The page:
FreeBSD shutting down unexpectedly
soralx at cydem.org
soralx at cydem.org
Sun Mar 5 23:41:21 PST 2006
> >> I'm having a problem with my FreeBSD server shutting down for no
> >> reason. This started happening recently (within the last month) so
> Or, sorry to say, you may be yet another victim of the "bad capacitors"
> that have plagued many motherboards, even from quality makers, during
> the past few years. Do a google search, or try this site that google
> just showed me, for what to look for: http://www.badcaps.net/
or even better: http://en.wikipedia.org/wiki/Capacitor_plague
capacitors recently confirmed (by me personally) to be bad (found in
Thermaltake PSU and a Gigabyte mainboard): G-Luxon, Choyo, Tayeh.
As I mentioned before, bad/failing/questionable power supplies is not
something I advise to use in any systemm, if the system and it's data
are of any value.
Failing capacitor may (though seldom) cause a MOSFET failure, which
may possibly be a Source-Drain short circuit. This means that voltage
way too high will be applied to components before the transistor lets
out some magic smoke, or (current limiting)|(overcurrent shutoff) kicks in.
There is another way in which a failing PSU may destroy your data. My old
AT server became unstable a month ago (halts, shuts off, etc). So I
measured it's power supply's output: +5V was at ~12.5Vdc level, and +12V
was as high as 20Vdc. The server couldn't boot, becase somehow the boot
record on HDD became corrupted (the rest of data was ok). Turns out
the PSU's fan stopped, so it worked at high temperatures for months,
which immensely shortened capacitors' life (for electrolytics, the service
life roughly halves for every 10*C temperature increase), ending
in parametric failure.
As you can see, it's always a good idea to replace all power capacitors
on mainboard and power supply with quality ones before use (even if new).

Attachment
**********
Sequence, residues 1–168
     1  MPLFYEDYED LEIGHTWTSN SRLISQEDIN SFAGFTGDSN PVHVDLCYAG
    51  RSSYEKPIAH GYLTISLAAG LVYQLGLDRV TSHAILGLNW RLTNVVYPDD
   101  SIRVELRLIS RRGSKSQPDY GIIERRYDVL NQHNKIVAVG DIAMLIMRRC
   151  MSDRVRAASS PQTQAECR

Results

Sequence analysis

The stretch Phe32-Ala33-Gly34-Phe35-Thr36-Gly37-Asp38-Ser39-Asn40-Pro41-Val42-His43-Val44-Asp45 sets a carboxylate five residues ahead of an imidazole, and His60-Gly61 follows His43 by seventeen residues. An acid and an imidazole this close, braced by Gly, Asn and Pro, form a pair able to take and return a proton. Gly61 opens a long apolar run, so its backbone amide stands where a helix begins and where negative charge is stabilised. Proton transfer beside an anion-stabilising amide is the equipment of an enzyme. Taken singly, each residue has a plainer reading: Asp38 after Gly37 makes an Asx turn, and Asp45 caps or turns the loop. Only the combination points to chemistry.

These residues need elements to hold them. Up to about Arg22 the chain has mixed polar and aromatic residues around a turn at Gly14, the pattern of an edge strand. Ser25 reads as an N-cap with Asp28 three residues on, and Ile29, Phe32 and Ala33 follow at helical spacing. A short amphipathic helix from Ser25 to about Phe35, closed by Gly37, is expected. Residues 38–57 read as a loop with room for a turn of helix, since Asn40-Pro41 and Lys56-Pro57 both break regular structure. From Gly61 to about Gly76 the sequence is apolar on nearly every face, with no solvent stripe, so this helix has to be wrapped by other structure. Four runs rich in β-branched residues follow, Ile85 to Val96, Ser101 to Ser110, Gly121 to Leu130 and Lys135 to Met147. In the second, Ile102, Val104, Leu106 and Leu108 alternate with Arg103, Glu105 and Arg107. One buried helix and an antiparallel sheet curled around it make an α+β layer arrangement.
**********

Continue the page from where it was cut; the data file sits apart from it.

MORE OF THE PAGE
It cost me ~$30 to get all capacitors > 470uF for a socket478 mainboard
and 2 ATX PSUs (I got high-quality, low ESR Nichicon UPL-series caps).
So, ensure good cooling, test components before use (especially the PSU),
watch for symptoms of hardware failure, avoid poor quality parts, and don't
forget about maintenance; these simple rules become automatic very quickly.
BTW, by 'good quality parts' I mean not just some brand parts, but devices
made for optimum performance/efficiency, not for optimum profit to the brand.
Since such components are nearly impossible to find nowadays (for reasonable
price), it's a good idea to buy some more-or-less good (well engineered) parts
(such as Thermaltake PSU, for example -- not some no-name genius of a Chinese
engineer), throw out low quality components (such as power capacitors and
fans), and install good quality parts. This will _greatly_ increase stability,
service life, and sometimes efficiency.
If more people refused to buy crappy devices (many don't even imagine how
bad, horribly bad, most non-server grade products are), we wouldn't have
manufacturers who try to cut cost by deliberately utilizing
(flawed)|(low quality) components. Would you consider spending U$15 (cost
of good capacitors) more on a $320 mainboard and get a reliable, stable
(better overclocking, too) board that will serve you well for many years
(istead of just 0.5 - 3y max)? Would you try to save a few bucks on a $100
power supply to get an unstable, high-ripple PSU which may kill
your HDD one day?
This applies not only to computer, of course.
> 5 years ago, we bought 25 APC and more than 7 had some problems. Some of
> them turned machine off, while monitor meter did not show losing power.
Possibly, the UPSes had dead/discharged batteries, so when doing a self-test,
would lose power to the load.
> Do you know which ports specifically can show running temps?
'ports/sysutils/mbmon' works for me
More information about the freebsd-hardware